Document Type

Thesis - Open Access

Award Date

1971

Degree Name

Master of Science (MS)

Department

Economics

First Advisor

Leonard Benning

Abstract

South Dakota is currently witnessing a revolutionary change in its elevator-farm supply industry. Technology applied in all phases of the industry -- production, processing, and distribution -- has had an impact upon the structure of the industry. Some of the changes taking place within the industry have been fostered by changes in other sectors of the economy. Employment opportunities and increasing wage rates have provided many marginal firm operators more favorable alternatives outside the elevator-farm supply business. Simultaneously, economic growth has encouraged new investments in larger grain handling and farm supply firms, thus hastening the adoption of technological developments. These developments together with the trend toward fewer farms, new production and marketing methods, and a revised transportation system have resulted in a thirty-three percent decline in country elevators for the period 1960 to 1968. A continuation of these trends is expected with an eventual 2 need for only a third of the present number of elevators foreseen. Impending change is presaged by the nature of the industry and in the weakness of participant firms. Low margin commodities and a system of near perfect competition occasion impaired income potentials, susceptibility to market fluctuation, and diminished operating autonomy. Facilities are often obsolete and incapable of contending with peak harvest loads, though idle for non-harvest seasons. Many units survive only because of undepreciated capital or fail to possess the financial capital vital to a process of growth and modernization. What is apparent is a state of flux arising from the supplanting of small marginal units by fewer, large, sophisticated operations. Acquisition and dissolution are stimulating increased concentration of assets and providing for expanded volumes and varieties of services. The ultimate product of this process is a more complex and competitive firm which requires additional entrepreneurship [sic] but promises new efficiencies and qualities of service. Statement of the Problem Recognizing the imminent struggle for existence, the industry needs a quantitative model that could assist merging farm supply firms in selecting activity combinations. Objectives Given this problem, the study has a two-fold objective. First, it must determine the justification and merits of merger. Second, it must construct a model capable of assisting merging farm supply firms in designing services and allocating resources. The model is to be sufficiently flexible to be used throughout the State, by different enterprises, in different time periods. Employing data readily available in audits and interviews, it should be able to simulate revenue, cost, and profit responses to alternative business combinations and product offerings.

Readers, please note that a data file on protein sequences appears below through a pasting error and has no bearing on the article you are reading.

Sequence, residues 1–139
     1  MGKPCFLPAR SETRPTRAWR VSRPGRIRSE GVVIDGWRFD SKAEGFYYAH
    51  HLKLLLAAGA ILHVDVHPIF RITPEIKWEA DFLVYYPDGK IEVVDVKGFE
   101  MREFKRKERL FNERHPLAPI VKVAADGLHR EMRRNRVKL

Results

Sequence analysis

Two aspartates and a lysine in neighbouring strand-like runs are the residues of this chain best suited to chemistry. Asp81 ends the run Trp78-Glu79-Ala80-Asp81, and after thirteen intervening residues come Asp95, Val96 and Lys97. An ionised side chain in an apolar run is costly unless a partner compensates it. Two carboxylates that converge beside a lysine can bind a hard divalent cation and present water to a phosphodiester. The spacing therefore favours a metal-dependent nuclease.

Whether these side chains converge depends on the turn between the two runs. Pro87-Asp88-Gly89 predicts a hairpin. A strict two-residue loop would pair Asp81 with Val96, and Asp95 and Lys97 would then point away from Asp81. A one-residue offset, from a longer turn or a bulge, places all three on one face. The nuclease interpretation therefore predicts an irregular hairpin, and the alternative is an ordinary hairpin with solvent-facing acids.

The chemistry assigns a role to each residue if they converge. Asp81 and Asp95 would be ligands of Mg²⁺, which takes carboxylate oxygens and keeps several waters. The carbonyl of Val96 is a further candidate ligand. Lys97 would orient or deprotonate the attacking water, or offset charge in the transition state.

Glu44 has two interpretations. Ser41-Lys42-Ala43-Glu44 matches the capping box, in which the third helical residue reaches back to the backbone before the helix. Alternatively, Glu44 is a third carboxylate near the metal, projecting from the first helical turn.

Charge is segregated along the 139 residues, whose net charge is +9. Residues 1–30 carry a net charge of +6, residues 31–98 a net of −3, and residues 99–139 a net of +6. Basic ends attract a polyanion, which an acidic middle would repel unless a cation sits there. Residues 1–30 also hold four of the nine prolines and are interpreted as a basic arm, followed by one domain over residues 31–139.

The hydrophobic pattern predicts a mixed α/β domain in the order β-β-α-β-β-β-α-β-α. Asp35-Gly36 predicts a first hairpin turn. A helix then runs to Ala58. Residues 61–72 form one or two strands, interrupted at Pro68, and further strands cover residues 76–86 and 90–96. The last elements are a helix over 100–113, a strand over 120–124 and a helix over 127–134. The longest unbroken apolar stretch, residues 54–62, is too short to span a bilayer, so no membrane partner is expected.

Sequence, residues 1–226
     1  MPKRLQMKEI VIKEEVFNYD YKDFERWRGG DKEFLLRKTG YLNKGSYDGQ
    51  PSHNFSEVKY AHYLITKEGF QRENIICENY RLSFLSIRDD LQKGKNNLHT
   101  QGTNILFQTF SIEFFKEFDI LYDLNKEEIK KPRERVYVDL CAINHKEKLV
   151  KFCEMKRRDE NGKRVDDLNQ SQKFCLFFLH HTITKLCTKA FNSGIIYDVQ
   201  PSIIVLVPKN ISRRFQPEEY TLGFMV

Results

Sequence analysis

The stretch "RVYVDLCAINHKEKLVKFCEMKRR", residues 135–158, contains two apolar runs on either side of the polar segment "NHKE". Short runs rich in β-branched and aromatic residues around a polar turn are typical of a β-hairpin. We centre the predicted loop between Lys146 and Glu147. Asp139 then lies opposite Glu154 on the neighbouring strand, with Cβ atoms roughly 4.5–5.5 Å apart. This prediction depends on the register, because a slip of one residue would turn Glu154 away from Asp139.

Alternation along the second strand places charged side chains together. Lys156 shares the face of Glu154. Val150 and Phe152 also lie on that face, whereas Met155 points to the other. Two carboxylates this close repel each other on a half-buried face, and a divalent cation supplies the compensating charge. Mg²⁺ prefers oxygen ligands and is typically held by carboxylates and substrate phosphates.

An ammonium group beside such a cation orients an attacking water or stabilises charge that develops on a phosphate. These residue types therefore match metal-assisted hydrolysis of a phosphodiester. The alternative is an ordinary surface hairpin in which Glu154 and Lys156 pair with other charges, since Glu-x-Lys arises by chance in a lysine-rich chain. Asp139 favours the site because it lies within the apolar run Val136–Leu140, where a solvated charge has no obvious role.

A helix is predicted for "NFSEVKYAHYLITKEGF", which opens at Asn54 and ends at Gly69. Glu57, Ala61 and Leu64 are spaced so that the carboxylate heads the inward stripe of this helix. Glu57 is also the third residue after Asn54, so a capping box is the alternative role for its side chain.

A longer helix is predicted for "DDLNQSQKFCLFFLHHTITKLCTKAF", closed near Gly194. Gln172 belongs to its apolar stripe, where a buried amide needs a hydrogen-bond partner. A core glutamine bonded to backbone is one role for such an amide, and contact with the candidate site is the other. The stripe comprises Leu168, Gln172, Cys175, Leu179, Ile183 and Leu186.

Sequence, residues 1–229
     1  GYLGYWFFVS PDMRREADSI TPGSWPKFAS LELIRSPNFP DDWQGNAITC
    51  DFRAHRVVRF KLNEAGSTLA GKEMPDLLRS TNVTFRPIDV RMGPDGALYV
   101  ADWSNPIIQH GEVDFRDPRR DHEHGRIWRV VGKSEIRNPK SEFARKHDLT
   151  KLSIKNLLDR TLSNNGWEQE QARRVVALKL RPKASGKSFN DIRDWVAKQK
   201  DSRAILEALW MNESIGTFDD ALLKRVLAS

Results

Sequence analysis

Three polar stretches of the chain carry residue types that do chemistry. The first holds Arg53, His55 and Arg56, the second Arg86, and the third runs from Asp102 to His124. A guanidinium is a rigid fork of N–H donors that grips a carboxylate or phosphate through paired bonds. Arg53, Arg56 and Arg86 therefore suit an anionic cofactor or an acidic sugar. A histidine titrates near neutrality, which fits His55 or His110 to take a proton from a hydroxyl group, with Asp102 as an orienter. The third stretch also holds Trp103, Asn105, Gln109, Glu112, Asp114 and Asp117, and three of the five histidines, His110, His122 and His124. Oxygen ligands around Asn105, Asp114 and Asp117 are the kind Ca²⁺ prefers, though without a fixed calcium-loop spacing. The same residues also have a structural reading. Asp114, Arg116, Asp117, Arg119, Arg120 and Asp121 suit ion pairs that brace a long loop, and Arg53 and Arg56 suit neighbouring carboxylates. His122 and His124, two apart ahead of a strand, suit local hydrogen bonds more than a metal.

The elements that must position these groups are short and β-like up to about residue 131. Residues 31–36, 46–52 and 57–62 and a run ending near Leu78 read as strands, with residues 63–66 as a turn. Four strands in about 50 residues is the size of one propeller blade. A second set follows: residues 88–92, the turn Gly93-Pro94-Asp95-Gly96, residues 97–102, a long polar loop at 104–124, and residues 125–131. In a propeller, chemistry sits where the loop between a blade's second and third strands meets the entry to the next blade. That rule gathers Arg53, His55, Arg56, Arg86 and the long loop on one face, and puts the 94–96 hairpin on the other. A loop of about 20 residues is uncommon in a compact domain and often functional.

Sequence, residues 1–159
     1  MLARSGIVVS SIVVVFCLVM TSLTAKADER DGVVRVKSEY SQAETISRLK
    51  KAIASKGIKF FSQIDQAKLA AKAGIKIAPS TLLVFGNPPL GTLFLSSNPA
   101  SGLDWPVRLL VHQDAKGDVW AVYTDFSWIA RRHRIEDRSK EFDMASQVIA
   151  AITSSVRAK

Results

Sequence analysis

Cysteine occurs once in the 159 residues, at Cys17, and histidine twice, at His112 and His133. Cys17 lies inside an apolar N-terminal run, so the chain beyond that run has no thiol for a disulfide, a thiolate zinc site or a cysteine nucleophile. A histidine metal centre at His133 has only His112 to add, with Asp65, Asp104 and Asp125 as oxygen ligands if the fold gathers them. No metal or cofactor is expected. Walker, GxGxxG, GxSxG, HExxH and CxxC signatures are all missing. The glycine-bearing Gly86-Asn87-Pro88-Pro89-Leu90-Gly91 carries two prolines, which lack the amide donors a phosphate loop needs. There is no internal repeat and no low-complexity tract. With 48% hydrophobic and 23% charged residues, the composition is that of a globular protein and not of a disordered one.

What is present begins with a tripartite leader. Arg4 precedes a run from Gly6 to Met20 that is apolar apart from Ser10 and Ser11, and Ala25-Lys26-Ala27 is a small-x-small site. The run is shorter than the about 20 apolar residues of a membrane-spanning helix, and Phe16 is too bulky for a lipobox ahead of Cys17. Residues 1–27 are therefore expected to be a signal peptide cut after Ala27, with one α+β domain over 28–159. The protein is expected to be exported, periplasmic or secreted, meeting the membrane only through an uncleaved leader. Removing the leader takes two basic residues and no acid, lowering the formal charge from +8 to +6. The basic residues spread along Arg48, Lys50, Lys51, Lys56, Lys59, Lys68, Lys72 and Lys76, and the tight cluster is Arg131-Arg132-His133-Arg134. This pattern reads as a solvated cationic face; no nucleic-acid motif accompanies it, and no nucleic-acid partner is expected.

Library of Congress Subject Headings

Agriculture, Cooperative
Consolidation and merger of corporations

Format

application/pdf

Number of Pages

95

Publisher

South Dakota State University

Included in

Economics Commons

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